Lots of foreign chefs would like to work in UK: do you have any recommendation for them how they shall start?

I don’t think there’s a golden rule about working in England , everyone has their own style, their ambitions, and what they want to achieve. I think the most important thing is good research before coming to England, finding the right place, the right kind of restaurant as well as region in England because they differ in style and types of restaurants. There are places that are more designed towards new methods of cooking, newer kitchens, follow the latest trends. There are also places where you can have the chance to cook beautiful dishes whist enjoying the surrounding areas for their sights, culture, and people. Which is why I believe that it’s a very individual experience on how one should begin their career in Great Britain, I think the most important thing is understanding why you are here, what you want to achieve and what goal you are striving towards.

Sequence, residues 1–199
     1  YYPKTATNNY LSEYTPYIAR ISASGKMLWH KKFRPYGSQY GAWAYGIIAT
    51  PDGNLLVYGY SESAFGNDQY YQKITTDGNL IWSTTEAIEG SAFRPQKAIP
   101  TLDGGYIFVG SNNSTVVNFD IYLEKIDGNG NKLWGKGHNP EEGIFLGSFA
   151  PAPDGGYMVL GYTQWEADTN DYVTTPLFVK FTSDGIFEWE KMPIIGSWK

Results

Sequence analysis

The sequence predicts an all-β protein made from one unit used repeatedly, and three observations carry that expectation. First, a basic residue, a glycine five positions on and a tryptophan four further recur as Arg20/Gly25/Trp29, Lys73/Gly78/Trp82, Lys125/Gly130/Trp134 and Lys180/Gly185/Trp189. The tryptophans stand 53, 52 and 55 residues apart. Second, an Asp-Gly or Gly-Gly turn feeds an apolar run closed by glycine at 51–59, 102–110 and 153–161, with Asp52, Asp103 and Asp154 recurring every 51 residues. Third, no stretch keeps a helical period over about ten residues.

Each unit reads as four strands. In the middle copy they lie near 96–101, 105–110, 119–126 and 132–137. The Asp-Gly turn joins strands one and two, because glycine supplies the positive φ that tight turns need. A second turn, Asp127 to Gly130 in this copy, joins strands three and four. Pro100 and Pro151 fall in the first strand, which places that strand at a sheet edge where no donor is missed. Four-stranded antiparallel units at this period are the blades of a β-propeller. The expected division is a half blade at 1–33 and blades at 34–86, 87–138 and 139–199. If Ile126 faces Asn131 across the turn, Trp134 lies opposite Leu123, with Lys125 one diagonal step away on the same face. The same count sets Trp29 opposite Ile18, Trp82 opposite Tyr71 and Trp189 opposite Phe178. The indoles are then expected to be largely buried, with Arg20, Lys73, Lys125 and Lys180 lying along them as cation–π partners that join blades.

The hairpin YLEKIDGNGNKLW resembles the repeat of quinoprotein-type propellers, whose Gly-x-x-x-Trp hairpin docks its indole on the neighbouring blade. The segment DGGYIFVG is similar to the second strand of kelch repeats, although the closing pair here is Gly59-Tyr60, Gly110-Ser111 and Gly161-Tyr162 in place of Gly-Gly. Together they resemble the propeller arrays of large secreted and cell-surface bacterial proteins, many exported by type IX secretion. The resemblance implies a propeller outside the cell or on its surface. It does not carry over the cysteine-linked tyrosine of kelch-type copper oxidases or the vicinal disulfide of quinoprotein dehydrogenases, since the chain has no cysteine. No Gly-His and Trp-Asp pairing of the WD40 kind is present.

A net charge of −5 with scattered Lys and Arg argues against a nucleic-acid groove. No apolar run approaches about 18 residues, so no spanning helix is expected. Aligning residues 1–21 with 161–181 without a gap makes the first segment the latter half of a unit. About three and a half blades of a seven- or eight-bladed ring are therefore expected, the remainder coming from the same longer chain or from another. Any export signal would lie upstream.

If you could choose a country in the world to take a chef job for some time, where would it be?

At the moment Dubai or Abu Dhabi would be the dream. The reason for this is because of all the latest cooking trends and methods are brought there from chefs from all over the world. Just experiencing this for a short period of time would be fantastic, meeting so many chefs, coming from all around the world, representing whatever is the best of the best in the culinary world. I think it would be the dream for any chef to go there for a short period of time to meet all these people, see the differences in ingredients and cooking techniques, share experience and knowledge with other people.

 

Thank you very much, Marek!